How To Assess Privacy Risks In Regard To Your Organisation’s Website.

Updated: Feb 10











So, you have a website, or maybe you want to have one for yourself or for your company. Of course, you want to make sure you are sticking to the law and protect the privacy of your visitors – you want to make sure your website is GDPR compliant. But you don’t want to read a book (or, god forbid – the Law!) on the matter. We’ve got your back. This is what you need to know.

Consent: Cookies

To use analytics software such as Google Analytics, you most times need to place cookies. In the pre-GDPR era, businesses that used websites aimed at EU visitors were required to simply give notice about the website using cookies. Since the enforcement of GDPR, this has changed. So, what is needed to make sure your website is privacy compliant? It needs to:

Inform visitors about what tracking technologies are used through the website, what data it collects, and for which purposes. You should inform visitors about their rights.

Alternatively, you can include this information in your privacy policy on your site, with a link shown to visitors immediately upon entering your website.

Only load strictly necessary cookies loading until the visitor has given consent.

Only positive action counts as consent, sentences like “continue to use the site as normal if you agree to the use of cookies” or already checked boxes do not. ‘Strictly necessary’ means essential to provide a service explicitly requested by the visitor and does not mean essential for your own purposes, like analytics.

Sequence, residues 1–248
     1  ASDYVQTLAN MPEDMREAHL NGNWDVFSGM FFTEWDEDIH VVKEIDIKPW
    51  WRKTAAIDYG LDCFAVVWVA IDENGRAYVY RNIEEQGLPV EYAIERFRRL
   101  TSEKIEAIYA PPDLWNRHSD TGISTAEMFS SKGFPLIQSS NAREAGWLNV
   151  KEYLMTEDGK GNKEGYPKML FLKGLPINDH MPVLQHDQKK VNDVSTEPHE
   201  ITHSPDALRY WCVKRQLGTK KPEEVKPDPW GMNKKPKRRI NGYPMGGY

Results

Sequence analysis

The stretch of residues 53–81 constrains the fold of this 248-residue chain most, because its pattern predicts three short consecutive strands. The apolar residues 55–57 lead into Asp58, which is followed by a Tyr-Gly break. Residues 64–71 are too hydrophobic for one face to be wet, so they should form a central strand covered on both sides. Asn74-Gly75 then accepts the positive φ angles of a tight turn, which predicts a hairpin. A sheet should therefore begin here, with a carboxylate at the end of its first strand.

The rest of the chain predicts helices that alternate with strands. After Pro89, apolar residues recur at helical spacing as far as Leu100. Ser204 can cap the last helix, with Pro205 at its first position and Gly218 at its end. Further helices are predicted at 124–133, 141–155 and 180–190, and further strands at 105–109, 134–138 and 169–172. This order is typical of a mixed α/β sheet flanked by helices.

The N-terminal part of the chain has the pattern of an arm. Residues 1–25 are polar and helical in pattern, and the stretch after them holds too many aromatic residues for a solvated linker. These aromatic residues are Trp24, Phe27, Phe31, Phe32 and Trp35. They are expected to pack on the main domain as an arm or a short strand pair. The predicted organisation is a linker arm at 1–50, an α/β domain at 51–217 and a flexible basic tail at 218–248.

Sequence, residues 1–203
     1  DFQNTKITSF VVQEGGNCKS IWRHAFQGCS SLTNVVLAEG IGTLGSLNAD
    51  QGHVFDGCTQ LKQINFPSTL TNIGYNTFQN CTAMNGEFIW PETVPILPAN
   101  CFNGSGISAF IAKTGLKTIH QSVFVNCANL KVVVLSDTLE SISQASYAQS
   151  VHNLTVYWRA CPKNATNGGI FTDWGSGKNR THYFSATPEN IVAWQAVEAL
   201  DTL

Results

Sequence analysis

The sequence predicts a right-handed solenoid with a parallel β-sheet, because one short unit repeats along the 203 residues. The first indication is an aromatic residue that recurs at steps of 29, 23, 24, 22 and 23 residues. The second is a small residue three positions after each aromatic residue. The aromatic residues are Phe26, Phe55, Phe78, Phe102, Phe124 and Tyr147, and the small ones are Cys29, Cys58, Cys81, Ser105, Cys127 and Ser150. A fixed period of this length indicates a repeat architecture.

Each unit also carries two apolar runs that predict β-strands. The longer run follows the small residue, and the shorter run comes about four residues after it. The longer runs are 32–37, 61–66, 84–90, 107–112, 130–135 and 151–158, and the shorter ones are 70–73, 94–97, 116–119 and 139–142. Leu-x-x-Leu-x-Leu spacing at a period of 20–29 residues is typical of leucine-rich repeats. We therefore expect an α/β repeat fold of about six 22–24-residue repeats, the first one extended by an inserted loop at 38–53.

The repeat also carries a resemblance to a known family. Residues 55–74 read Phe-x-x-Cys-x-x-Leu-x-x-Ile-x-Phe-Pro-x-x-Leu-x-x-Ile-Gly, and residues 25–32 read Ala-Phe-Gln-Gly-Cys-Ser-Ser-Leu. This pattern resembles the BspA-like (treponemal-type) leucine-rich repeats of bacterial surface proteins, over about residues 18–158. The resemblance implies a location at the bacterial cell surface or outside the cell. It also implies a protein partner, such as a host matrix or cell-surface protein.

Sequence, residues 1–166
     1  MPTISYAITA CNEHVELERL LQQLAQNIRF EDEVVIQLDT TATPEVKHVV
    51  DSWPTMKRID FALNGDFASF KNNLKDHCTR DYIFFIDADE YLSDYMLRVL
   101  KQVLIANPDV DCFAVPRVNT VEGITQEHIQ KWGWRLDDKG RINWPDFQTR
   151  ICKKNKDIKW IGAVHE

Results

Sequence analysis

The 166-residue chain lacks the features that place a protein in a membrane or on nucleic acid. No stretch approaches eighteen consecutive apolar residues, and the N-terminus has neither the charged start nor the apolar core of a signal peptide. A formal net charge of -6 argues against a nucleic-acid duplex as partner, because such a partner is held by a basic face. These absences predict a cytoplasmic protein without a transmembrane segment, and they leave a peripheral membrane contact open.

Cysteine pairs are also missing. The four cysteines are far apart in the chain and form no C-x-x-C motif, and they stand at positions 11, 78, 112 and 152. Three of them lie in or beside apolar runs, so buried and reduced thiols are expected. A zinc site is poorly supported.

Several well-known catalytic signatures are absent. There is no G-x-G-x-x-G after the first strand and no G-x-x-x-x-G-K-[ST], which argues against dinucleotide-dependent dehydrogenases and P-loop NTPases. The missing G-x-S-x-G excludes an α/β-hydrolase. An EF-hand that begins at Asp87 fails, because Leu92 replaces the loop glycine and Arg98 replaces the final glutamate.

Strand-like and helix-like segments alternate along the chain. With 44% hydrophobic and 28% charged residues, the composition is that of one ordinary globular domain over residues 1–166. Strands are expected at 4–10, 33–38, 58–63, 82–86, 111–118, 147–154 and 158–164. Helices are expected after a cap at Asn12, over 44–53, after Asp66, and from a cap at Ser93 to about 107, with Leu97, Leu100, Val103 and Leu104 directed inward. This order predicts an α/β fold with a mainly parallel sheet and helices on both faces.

Let visitors reject all but strictly necessary cookies and still use the website. Enable visitors to withdraw their consent at any moment. Include a log, with all given consents. Other opt-ins

You might need consent at other places on your website, such as when asking contact information, sending newsletters or making a purchase. Again, only positive opt-in counts.

Here, you need to:

Make sure you only ask for the minimum of personal data for providing the service. (I’ve seen some strange forms in my days. Please don’t ask for race, age etc. when sending a parcel of pens. That’s weird. And illegal.) Have a link with your terms and conditions, privacy notice and other legal documents. Get your customers to positively opt-in to these legal documents when making a purchase. When sending newsletters, recipients must be able to opt-out of their subscription at any moment. (You’ll see a link at the bottom of most newsletters for this purpose) Have a log, with all given opt-ins (and opt-outs!).

Privacy policy for website

With the enforcement of the GDPR and the EU ePrivacy directive, a proper privacy policy is obligatory for websites in the EU and websites that have EU-citizens amongst their users. Other countries worldwide have similar rules. There are specific requirements as to what must be included in a privacy policy in the GDPR, among other things, yours should have:

Name and contact details of your organisation (and representative/DPO). The purposes of the processing. Lawful basis for the processing.